This book provides a radical and unusually comprehensive normative framework–an ‘ecological security’ approach—for guiding efforts to mitigate and adapt to climate change; one that McDonald argues, provides a morally superior approach to those currently employed within the climate-security policy agenda. Following Andrew Linklater’s (1998) classic description of Critical Theory, the book moves in three steps: (a) it conducts a sociological analysis of the dominant climate security discourses and their deficiencies, (b) lays out an ethical case for ecological security and (c) undertakes a praxeological analysis of the ‘immanent possibilities’ within existing institutions for advancing ecological security (p. 12). At each step, McDonald draws upon an eclectic array of critical scholarship—feminism, political ecology, green state theory, among others—and spends considerable space engaging in good faith with would-be sceptics. Indeed, McDonald’s book offers a tour de-forces and model for combining classic critique of the status quo with a positive normative vision and most unusually, a sustained analysis of how to practically bring it about.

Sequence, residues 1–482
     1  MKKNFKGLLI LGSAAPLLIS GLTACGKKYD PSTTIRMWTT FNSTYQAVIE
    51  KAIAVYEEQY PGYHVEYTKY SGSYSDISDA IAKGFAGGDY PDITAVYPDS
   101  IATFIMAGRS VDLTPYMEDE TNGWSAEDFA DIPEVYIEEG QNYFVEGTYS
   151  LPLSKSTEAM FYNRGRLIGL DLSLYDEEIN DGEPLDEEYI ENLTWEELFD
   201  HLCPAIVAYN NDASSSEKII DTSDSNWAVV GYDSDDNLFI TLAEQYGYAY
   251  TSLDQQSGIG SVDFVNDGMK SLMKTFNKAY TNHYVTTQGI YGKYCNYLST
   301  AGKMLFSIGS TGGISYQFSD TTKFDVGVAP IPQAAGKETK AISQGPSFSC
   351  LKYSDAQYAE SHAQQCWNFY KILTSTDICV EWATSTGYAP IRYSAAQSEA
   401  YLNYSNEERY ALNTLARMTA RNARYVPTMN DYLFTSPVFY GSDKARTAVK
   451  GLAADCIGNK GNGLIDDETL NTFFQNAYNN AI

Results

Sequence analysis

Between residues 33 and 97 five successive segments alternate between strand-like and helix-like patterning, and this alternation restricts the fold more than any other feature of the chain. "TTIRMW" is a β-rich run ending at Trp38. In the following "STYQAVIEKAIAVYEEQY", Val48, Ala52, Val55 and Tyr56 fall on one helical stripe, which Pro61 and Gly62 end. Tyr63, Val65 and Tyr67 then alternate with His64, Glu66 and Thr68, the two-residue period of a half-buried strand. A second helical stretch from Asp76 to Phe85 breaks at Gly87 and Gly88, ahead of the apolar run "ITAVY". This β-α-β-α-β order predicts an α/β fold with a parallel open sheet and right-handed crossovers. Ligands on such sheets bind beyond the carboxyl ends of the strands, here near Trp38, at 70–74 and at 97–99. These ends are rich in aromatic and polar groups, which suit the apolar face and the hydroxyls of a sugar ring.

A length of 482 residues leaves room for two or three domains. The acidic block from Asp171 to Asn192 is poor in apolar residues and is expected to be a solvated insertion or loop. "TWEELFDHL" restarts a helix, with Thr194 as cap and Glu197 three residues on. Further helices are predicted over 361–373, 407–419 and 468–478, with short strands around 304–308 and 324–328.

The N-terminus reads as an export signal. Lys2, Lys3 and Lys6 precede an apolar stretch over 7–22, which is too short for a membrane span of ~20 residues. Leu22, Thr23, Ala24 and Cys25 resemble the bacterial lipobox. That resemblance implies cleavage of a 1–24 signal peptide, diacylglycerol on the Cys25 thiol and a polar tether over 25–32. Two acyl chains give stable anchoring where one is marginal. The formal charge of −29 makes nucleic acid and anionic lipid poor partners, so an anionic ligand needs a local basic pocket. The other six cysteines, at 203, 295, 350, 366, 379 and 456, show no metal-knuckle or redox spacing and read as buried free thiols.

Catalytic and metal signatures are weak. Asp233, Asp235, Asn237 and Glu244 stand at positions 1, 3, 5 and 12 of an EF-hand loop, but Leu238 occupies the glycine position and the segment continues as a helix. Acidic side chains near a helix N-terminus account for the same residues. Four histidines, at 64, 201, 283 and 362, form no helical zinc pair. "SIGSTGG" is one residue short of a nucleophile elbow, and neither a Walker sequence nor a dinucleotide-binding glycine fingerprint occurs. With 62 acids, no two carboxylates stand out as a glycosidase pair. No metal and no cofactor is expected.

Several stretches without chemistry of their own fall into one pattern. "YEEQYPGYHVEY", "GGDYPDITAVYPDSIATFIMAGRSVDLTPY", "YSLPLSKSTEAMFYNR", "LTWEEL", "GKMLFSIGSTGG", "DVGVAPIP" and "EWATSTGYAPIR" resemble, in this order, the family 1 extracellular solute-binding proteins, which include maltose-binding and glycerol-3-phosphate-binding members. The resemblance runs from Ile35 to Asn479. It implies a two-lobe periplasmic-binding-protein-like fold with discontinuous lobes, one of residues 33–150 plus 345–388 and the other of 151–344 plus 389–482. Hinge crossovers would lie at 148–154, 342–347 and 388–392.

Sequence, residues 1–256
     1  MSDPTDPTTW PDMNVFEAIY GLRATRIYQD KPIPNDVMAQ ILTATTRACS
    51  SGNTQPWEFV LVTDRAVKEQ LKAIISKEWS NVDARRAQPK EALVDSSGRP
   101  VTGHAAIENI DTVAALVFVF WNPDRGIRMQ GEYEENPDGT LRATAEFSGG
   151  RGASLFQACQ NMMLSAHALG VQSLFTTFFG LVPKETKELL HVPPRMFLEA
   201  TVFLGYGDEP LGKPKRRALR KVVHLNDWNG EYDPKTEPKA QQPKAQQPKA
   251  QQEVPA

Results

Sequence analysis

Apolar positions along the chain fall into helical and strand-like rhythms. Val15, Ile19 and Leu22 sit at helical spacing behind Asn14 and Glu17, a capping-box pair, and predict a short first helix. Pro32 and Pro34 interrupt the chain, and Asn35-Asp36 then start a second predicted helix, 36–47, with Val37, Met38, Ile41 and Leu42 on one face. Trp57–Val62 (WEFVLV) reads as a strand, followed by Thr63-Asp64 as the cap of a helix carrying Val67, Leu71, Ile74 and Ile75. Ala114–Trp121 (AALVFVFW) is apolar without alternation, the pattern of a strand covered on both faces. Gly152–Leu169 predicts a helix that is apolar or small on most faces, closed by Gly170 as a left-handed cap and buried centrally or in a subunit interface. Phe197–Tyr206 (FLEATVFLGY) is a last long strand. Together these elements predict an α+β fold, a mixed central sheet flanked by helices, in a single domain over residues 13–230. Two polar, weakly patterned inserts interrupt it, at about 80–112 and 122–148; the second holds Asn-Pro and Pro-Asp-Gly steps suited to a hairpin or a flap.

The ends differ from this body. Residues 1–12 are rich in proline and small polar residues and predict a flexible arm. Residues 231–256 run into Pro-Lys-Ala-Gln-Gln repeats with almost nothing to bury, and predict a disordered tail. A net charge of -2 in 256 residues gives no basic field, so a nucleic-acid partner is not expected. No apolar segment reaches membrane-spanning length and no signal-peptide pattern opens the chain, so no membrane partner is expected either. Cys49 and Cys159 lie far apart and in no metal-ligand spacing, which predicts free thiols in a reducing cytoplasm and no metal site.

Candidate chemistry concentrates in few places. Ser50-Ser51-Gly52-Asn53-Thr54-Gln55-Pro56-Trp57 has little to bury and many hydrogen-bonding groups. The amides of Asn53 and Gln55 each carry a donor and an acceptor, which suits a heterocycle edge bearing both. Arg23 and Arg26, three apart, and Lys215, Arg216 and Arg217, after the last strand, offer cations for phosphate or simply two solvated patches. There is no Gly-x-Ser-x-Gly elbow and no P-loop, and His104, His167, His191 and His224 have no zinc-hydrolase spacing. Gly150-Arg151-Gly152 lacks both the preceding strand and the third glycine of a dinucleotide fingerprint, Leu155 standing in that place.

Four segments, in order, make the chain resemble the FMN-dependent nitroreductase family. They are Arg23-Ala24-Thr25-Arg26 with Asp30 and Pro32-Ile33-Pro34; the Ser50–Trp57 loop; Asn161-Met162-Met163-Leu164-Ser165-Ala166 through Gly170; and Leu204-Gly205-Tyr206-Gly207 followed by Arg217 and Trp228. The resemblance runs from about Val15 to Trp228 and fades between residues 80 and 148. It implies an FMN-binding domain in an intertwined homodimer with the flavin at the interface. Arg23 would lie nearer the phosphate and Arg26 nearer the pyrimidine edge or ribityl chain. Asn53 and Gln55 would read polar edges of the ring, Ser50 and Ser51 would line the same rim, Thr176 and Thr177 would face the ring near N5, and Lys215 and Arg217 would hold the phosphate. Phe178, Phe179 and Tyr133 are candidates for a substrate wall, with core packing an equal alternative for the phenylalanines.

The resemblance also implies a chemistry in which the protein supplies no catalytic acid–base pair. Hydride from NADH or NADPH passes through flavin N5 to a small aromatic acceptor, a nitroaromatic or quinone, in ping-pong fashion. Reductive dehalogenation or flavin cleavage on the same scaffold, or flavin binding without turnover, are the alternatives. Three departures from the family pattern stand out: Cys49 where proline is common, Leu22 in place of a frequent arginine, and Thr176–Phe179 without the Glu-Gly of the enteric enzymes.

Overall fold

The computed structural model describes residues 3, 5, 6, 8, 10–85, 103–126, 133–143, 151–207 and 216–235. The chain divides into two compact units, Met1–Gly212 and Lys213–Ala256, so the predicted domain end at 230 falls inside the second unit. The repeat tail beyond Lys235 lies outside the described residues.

Book review of Matt McDonald, Ecological Security: Climate Change and the Construction of Security (Cambridge: Cambridge University Press, 2021), 240 pp., US$ 99, ISBN: 978-1-3165-1961-5 (Hardcover)